The creation of a perfectly stable and perfectly repressive oligarchy that protects itself by maintaining a rigid status quo.

And yes, that kind of stable hegemony can become internally "peaceful" as in Ming China... and more-briefly in many other human cultures.  And yet, a perfect, control-freak autarchy ain't exactly utopian by our terms, or altruistic. Moreover, it remains capable of violence, especially when it sees something outside of itself that it may not like.

Oh, but the most frustrating thing is this.  When people leap to their own “pat” explanations for the Great Silence, sighing that “of course” the answer is this and such, and then dismissing all contrary views as foolish, they are cheating themselves, and the rest of us, out of what could be the most fascinating and wondrously open-ended argument/discussion of all time! 
A marvelous set-to that juggles every science, every bit of history and biology and astronomy and... well everything!  It is the great puzzle of who we are, how we may be different, or the same as those mysterious others, out there.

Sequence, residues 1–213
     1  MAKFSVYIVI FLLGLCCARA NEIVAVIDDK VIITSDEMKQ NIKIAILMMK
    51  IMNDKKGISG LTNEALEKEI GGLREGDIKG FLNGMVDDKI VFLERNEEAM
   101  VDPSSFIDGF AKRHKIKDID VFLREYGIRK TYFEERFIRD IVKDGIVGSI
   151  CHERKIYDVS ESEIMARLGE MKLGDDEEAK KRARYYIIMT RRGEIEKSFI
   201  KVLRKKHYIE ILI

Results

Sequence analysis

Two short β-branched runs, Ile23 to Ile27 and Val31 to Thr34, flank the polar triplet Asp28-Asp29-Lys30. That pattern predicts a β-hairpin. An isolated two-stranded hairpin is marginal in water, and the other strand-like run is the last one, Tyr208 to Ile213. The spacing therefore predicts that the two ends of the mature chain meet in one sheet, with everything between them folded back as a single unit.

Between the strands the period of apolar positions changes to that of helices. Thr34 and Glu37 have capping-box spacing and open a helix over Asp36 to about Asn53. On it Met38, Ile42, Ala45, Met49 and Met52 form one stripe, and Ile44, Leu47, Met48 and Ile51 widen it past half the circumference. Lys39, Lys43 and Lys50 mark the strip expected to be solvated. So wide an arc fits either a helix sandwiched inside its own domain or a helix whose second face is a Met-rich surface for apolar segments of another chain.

THAT is what makes me sad, when nearly everybody in this field leaps so quickly -- on almost zero evidence -- to say “of course the answer is....”  I am, above all, a lover of the greatest enlightenment invention -- argument... and its accompanying virtues, curiosity, experimentation, reciprocal accountability, and even the aching joy of being forced, now and then, to admit “Okay, you got me, that time.  I may have been wrong.”

-------- David Brin ----

PS… See more articles on SETI and METI,
as well as my more extensive explanation of this fight over prudent caution in wagering the future of humanity. 

Friday, April 23, 2010

Concerning Robert Heinlein... socialist or libertarian?

In some other places, the topic of legendary science fiction author Robert Anson Heinlein has repeatedly come up, along with shouting matches -- "He was a libertarian!" "No, a socialist!" "No, a fascist!"  I finally had enough and weighed into one of these discussions, with a comment I'll append below... along with more snippets of science.

doubleRobert Heinlein was hard to classify.  If one had to make a political caricature, I’d say he was a compassionate libertarian, in that he believed that humans have an obligation to be both competitively independent and generous.